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Nuclear Moratorium Important to Protect Public
Published on Monday, October 20, 2003 by the Madison (WI) Capital Times
Nuclear Moratorium Important to Protect Public
by Colleen F. Moore and Kristin Shrader-Frechette

Imagine a source of electrical power that could:

  • Totally destroy an area the size of Pennsylvania, according to a government report.
  • Require 65 percent of all government energy subsidies.
  • Increase our susceptibility to terrorism.
  • Alter the genetic makeup of all living things on the planet.
  • Destroy our homes and health, yet be immune from lawsuits.

There is no need to imagine; nuclear power is here today and is capable of doing much more than that.

UW emeritus Professor Max Carbon and his colleagues argued in this newspaper on Oct. 8 for ending Wisconsin's moratorium on nuclear power plants. Quite the opposite, we think that a national moratorium on nuclear power makes both economic and safety sense. Instead of nuclear power, we should use distributed (stand-alone) electrical sources, such as onsite solar thermal and onsite wind, and develop solar photovoltaics.

Here we focus on the exorbitant costs of nuclear-generated electricity, the alleged safety of nuclear waste disposal, and the human impacts of even minor nuclear accidents.

Economics: No new U.S. nuclear plants have been ordered since 1974 because they are too expensive. According to 2001 U.S. Department of Energy data, nuclear fission is more expensive, per kilowatt hour, than (in order of ascending cost) large hydroelectric, natural gas, geothermal, biomass, coal, small hydroelectric, wind, solar thermal with gas backup, and solar thermal. Only solar photovoltaic is currently more expensive than nuclear fission.

Nuclear waste: The DOE admits that the biggest risk from Yucca Mountain is transporting dozens of rail cars or truckloads of lethal waste daily across the United States for the next 30 years. Terrorist assault on any one of these shipments would be enough to wipe out populations in several states.

The U.S. Nuclear Regulatory Commission says existing waste can be stored safely, at each reactor site, for at least 100 years. Let's do that, and find a better plan for dealing with the waste.

The DOE, in alleging that Yucca Mountain is safe, did not confirm its radiation exposure estimates with standard methods. A peer review by the pro-nuclear International Atomic Energy Agency showed the DOE conclusions about radiation doses to the public could be wrong by a factor of anywhere from 100 million to 1 trillion.

Yet even if the DOE were wrong by a much lesser factor, say a thousand, it still means millions of people could die, even without a waste accident. Besides, if nuclear power and nuclear waste disposal are so safe, then why did the nuclear industry demand the Price-Anderson Act, which makes nuclear power plant owners liable for only about 1 percent of the worst accident damages they cause? (Homeowners, check your insurance polices: They all have nuclear-exclusion clauses.)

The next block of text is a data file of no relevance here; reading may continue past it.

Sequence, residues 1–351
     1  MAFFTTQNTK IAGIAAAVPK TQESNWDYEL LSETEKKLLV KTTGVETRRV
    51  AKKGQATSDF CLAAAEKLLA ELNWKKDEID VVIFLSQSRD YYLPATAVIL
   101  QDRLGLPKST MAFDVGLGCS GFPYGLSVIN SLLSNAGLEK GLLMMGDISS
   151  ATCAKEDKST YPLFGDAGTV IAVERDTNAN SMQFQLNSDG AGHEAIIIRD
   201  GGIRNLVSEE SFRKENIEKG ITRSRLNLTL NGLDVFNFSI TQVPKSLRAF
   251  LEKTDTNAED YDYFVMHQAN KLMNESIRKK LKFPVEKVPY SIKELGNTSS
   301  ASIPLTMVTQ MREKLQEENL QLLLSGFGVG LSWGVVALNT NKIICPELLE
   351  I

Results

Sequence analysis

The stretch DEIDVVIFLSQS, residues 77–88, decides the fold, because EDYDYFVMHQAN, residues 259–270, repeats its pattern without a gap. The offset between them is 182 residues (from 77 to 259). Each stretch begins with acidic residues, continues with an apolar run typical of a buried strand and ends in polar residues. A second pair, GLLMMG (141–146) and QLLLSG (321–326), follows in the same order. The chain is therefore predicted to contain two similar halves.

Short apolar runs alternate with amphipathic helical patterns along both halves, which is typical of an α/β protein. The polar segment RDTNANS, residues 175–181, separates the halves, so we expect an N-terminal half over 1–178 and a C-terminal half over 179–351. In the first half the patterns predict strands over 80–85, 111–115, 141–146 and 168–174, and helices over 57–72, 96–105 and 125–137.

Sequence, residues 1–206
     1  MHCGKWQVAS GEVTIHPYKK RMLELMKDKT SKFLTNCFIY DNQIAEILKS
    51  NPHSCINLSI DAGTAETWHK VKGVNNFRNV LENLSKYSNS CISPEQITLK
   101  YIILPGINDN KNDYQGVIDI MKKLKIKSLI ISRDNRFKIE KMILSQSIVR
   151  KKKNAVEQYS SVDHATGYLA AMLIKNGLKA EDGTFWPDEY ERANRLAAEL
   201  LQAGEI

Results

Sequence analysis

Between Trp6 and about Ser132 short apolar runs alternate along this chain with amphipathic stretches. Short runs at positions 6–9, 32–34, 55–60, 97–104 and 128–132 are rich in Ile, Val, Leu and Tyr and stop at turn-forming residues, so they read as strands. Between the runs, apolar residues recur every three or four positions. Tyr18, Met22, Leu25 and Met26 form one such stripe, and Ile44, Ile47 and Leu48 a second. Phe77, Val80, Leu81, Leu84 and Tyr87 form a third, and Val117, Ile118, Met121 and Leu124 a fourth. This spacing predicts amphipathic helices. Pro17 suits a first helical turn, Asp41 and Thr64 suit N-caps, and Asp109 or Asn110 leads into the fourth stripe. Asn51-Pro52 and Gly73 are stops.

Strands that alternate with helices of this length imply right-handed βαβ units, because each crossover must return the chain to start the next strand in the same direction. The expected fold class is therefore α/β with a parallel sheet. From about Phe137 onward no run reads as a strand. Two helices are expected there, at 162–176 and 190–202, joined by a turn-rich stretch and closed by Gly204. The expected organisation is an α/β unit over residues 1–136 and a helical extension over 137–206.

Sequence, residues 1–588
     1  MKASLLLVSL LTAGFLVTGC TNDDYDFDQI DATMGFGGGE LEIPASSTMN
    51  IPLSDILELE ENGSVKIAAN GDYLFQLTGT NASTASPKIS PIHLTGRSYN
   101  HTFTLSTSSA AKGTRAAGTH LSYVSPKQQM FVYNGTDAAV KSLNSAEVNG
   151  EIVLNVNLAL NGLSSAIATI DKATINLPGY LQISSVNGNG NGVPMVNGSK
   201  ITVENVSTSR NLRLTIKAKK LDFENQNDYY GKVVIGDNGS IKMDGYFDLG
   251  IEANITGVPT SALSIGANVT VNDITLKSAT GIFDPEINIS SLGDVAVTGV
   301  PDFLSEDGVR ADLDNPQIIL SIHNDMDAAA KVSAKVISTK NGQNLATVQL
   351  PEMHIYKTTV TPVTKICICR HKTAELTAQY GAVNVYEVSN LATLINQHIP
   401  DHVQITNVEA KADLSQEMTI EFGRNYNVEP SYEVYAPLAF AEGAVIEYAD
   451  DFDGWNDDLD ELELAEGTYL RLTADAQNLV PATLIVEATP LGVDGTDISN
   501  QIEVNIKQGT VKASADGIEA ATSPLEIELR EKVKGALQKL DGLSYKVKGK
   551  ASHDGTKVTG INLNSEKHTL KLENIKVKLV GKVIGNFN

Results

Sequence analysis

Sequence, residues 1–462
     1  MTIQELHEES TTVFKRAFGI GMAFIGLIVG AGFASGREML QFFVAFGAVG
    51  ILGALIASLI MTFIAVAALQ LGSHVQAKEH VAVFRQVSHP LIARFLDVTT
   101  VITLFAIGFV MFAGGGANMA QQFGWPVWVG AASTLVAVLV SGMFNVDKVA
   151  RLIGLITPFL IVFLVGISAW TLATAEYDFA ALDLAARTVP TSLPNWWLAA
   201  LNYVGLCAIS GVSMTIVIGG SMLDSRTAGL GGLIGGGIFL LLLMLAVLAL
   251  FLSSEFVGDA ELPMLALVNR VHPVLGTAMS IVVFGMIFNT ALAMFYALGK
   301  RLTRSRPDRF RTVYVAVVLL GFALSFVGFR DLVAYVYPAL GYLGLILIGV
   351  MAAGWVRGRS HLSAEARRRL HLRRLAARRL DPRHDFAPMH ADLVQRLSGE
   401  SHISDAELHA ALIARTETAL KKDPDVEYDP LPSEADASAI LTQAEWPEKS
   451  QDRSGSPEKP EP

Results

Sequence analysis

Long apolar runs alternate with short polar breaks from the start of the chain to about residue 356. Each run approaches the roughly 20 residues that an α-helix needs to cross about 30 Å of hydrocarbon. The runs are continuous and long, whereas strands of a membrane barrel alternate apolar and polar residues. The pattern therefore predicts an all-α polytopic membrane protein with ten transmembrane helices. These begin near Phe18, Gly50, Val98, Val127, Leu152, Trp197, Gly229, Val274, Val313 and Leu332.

Three Mile Island: Carbon et al. repeated initial government claims that there was no harm from the 1979 accident at the Three Mile Island nuclear plant in Pennsylvania.

The latest epidemiological studies show that Three Mile Island area residents have elevated rates of cancer incidence and mortality. There is no dispute about the elevated cancer rates, only about whether the cancer rates are due to radiation from the accident, or perhaps to altered immune function from the psychological stress of the accident.

Approximately 386,000 people voluntarily evacuated the area within 20 miles of the plant. Residents suffered long-lasting psychological effects from the accident such as chronically higher stress hormones and sleep disorders. Mothers of young children living near the plant still had an elevated rate of depression almost six years after the accident. Yet the government has ignored the mental health effects of this and other nuclear accidents.

The safety of the entire nuclear fuel cycle is in question. Tailings from uranium mining have been mishandled, and miners (mostly American Indians) are more likely to get lung cancer. Criticality accidents (which involve very dangerous self-sustaining nuclear chain reactions that create large amounts of radiation) have occurred throughout the history of the nuclear industry, including one that killed two workers in Japan in 1999. Nuclear engineers are excellent at calculating the conditions under which nuclear materials will "go critical," but 70 percent to 80 percent of all accidents are caused by human error.

Proponents of nuclear energy need to answer at least four questions:

If nuclear plants are so safe, why does the industry demand a liability limit that protects it from 99 percent of total possible damages?

Since the DOE says nuclear power is more expensive than solar thermal, wind or biomass, why not use these safer technologies?

How can thousands-per-year of rail/truck shipments of nuclear waste for the next 30 years be made safe from terrorists?

If Americans want to be safe from terrorists' attacks on centralized electricity-generating facilities, shouldn't the United States use distributed and onsite energy facilities?

Colleen F. Moore is a professor in the UW-Madison psychology department and is the author of "Silent Scourge: Children, pollution, and why scientists disagree" (Oxford University Press, 2003). Kristin Shrader-Frechette is a professor in the departments of biological sciences and philosophy at the University of Notre Dame, a member of many National Academy of Science boards, and author of 15 books and 300 articles, most on quantitative risk assessment, radiobiology or ethics.

Copyright 2003 The Capital Times


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